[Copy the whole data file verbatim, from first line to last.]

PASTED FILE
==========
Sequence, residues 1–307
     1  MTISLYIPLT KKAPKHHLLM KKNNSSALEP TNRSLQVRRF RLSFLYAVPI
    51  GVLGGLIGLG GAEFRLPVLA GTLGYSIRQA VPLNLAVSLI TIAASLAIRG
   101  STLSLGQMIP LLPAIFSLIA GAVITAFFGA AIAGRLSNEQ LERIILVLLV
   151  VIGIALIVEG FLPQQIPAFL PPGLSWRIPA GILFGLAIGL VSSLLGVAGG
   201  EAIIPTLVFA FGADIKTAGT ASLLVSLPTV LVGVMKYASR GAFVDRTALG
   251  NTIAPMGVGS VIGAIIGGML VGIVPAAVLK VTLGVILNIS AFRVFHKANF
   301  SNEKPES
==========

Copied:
Sequence, residues 1–307
     1  MTISLYIPLT KKAPKHHLLM KKNNSSALEP TNRSLQVRRF RLSFLYAVPI
    51  GVLGGLIGLG GAEFRLPVLA GTLGYSIRQA VPLNLAVSLI TIAASLAIRG
   101  STLSLGQMIP LLPAIFSLIA GAVITAFFGA AIAGRLSNEQ LERIILVLLV
   151  VIGIALIVEG FLPQQIPAFL PPGLSWRIPA GILFGLAIGL VSSLLGVAGG
   201  EAIIPTLVFA FGADIKTAGT ASLLVSLPTV LVGVMKYASR GAFVDRTALG
   251  NTIAPMGVGS VIGAIIGGML VGIVPAAVLK VTLGVILNIS AFRVFHKANF
   301  SNEKPES